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 Posted:   Jan 21, 2011 - 4:25 PM   
 By:   Morricone   (Member)

MADDALENA
Famous Morricone
#20


This series is inspired by a controversy thread where someone posited the idea that besides THE MISSION and some Sergio Leone westerns Ennio Morricone hasn't written anything great. Rather than making my usual comment that most of Morricone's great scores are from Italy and trying to get Americans to listen to them is like getting them to see movies with subtitles, I decided to take another tact. Since I am at an age where I will only be able to make my case a finite number of times I decided to turn this into a series presenting each great score one at a time, sort of like recordman.

I've enjoyed your responses to this series. Like Morricone's music they are all over the map. It is appropriate that the 20th entry is MADDALENA because it's story is emblematic of Morricone's career. Most Americans will immediately wonder what is so famous about MADDALENA? But Europeans only have to hear the name of one theme "Chi Mai" and they know.
When in 1971 Jerzy Kawalerowicz, a key figure in Polish cinema, decided to do a co-production in Italy Morricone was a natural choice. He had already done quite a number of arthouse films by then with a number of major Italian filmmakers. And this was definitely an arthouse project despite the erotic elements. It was the story of Maddalena, a free sexual spirit looking for meaning in her relationships and a young priest looking for meaning beyond his frock. The juxtapositions both of Polish and Italian sensibilities created an uneasy mesh. Leave it to Morricone to create an unusual unifying atmosphere that suggests both the sacred and profane:






Thanks to mikael488 so I didn't have to search for this.

Now this brings me to dissonance. You're talking to a guy who has had a long journey with Morricone. My first reaction was to avoid him. Then I wanted to hear select themes from him. Later I was fascinated by his many musical ideas and eventually I got to the point saying "he's not just doodling he is attempting something every time out of the gate!" Which left me with a massive amount of music and buch of dissonant cues I set aside. After awhile I was curious what someone a brilliant as he is is doing with all this noise. Then I looked into dissonance. I found the definition rather broad and I found this part in Wikipedia rather relevant:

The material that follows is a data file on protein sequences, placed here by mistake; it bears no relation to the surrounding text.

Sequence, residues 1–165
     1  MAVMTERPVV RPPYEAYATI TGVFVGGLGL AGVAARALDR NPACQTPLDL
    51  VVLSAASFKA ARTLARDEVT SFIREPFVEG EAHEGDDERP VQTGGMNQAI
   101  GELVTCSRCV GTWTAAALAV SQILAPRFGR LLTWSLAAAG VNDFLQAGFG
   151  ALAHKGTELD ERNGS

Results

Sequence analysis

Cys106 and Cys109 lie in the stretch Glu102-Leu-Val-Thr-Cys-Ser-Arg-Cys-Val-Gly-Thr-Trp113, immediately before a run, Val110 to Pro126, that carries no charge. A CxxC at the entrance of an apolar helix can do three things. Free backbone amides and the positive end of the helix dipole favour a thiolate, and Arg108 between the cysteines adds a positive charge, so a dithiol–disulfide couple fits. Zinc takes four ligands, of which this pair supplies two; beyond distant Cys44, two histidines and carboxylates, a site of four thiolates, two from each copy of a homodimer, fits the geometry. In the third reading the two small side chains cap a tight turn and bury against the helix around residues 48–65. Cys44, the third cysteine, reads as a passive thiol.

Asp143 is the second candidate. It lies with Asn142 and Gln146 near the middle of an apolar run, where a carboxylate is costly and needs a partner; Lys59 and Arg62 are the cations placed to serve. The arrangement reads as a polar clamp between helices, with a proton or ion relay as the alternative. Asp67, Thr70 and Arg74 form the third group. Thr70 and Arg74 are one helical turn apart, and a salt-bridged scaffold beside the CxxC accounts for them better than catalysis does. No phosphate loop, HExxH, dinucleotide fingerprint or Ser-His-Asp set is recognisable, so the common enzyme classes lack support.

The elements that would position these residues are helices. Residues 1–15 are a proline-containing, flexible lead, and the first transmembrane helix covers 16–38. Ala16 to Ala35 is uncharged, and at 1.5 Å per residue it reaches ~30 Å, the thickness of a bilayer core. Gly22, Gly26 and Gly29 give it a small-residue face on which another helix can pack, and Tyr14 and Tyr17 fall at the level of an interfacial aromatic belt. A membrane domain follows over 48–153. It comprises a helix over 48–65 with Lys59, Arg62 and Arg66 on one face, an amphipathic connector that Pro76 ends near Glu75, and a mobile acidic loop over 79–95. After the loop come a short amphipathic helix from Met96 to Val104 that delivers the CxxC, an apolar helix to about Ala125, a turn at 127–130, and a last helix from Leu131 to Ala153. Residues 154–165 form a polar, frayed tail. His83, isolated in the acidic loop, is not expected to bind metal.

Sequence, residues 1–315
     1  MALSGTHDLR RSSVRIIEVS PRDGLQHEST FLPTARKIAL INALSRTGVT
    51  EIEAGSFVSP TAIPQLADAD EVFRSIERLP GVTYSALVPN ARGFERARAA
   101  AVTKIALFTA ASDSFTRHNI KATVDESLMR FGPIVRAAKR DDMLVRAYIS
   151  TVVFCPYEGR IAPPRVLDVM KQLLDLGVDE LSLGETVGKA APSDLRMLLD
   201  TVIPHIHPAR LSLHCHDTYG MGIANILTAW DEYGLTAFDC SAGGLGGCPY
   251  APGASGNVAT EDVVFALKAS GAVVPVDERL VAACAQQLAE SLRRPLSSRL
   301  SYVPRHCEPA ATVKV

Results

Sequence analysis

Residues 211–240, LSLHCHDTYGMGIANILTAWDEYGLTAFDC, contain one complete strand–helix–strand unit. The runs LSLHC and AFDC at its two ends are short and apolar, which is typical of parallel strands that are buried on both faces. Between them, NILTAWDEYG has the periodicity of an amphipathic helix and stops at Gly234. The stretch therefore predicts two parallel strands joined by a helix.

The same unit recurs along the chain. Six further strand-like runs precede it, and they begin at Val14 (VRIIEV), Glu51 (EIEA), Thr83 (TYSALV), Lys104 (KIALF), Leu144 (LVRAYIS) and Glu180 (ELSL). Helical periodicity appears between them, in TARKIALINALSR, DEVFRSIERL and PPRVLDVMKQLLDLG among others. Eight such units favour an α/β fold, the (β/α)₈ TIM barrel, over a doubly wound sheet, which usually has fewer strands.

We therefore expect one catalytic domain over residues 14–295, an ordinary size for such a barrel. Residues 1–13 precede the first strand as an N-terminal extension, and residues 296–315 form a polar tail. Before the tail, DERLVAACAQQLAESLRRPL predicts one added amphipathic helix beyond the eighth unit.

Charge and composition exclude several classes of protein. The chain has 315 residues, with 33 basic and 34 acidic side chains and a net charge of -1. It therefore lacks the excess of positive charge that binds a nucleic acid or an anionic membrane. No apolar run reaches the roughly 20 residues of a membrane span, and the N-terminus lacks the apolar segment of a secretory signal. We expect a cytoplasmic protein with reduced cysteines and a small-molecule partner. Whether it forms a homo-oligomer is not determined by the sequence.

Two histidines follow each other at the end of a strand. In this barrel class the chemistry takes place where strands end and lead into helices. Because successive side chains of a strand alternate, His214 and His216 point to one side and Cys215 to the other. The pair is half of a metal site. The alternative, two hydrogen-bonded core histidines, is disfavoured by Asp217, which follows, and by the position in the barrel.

Despite the fact that words like unpleasant and grating are often used to explain the sound of dissonance, all music with a harmonic or tonal basis—even music perceived as generally harmonious—incorporates some degree of dissonance. The buildup and release of tension (dissonance and resolution), which can occur on every level from the subtle to the crass, is partially responsible for what listeners perceive as beauty, emotion, and expressiveness in music.

So, as I gathered from the composers I've talked to about this, it is all a matter of degrees. I was originally going to label MADDALENA dissonant Morricone because it is practically all dissonance but I figured there would be quite a large group that would stop right there (in fact I'm sure there are a few I just lost). But this is beautiful dissonance that includes "Chi Mai". So here is Ennio Morricone that not only makes a dissonant piece a best seller at the time, but it stays in the popular culture for quite awhile. To the point that ten years later it is used as the main theme to the UK series THE LIFE AND TIMES OF DAVID LLOYD GEORGE and becomes a hit all over again. Plus Jean Paul Belmondo hires Morricone to re-orchestrate it (and write the rest of the score) for LE PROFESSIONNEL and that becomes a hit. During most of his early concerts "Chi Mai" was a mainstay and would always get applause on the first few notes. And finally THE website on evrything Morricone is called: